The U.S. electrical grid is a modern marvel, consisting of nearly 3500 utility organizations, 450,000 miles of transmission lines, and six million miles of distribution cable that span across and crisscross the country to serve over 334 million people (and growing) whose total electricity demand exceeds 830 gigawatts. But the grid is evolving, as it has since its inception. From a relatively simple beginning with fewer power suppliers and unsophisticated technology, the grid today is characterized by robust competition, greater innovation, and a blurring distinction between the wholesale sale and retail sale of electricity.
In the midst of the evolution of the grid is the Federal Power Act. At its core, the Act grants the Federal Energy Regulatory Commission jurisdiction to regulate the wholesale sale of electricity, but reserves to the states their traditional jurisdiction over generation, intrastate transmission and distribution, and retail sales. This bright-line jurisdiction between the Commission and the states has remained relatively unchanged since the Federal Power Act’s enactment in spite of the evolution of the grid.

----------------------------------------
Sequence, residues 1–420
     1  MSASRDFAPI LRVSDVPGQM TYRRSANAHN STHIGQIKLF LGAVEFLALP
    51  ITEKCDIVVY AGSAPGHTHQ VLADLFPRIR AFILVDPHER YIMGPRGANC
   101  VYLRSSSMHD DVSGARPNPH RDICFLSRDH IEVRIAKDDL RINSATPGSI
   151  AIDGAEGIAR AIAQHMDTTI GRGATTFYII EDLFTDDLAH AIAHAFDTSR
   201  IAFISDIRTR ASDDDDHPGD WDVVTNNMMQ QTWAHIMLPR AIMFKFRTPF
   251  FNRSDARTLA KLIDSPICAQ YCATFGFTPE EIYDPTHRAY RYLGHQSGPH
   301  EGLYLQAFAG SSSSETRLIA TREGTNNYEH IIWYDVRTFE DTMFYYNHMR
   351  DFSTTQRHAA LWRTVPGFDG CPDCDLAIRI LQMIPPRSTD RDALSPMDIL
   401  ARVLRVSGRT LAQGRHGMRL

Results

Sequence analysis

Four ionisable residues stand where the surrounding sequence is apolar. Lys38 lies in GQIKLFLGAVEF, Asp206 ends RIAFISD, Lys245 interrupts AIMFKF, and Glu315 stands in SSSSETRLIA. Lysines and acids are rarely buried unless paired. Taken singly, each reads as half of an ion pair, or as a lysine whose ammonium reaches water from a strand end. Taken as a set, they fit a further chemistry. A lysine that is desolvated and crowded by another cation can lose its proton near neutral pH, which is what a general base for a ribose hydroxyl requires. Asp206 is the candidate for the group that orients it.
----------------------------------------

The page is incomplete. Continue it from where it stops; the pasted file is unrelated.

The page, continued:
A bright-line jurisdiction, however, is antiquated in the modern grid where there are no bright lines, as activities in the wholesale market naturally affect the retail market, and vice versa. By drawing on three of the Supreme Court’s most recent energy law cases, this Note offers a comprehensive look at energy jurisdiction, and illuminates the problems of a bright-line analysis and expansive federal jurisdiction in the modern grid. First, this Note considers Hughes v. Talen Energy Marketing, LLC to highlight the resulting jurisdictional tensions between the Federal Energy Regulatory Commission and the states in the modern grid. As this Part illustrates, courts have developed and applied a bright-line analysis that favors expansive federal jurisdiction. Second, this Note uses Federal Energy Regulatory Commission v. Electric Power Supply Association to illustrate the practical results of an expansive federal jurisdiction in energy regulation. Third, this Note discusses the resulting policy implications to state energy goals. Finally, this Note concludes by drawing on Oneok, Inc. v. Learject, Inc. to propose a framework that balances the mandates of the Federal Power Act, and federal and state jurisdiction in the twenty-first century grid. This Note, ultimately, hopes to help bring energy regulation to the twenty-first century.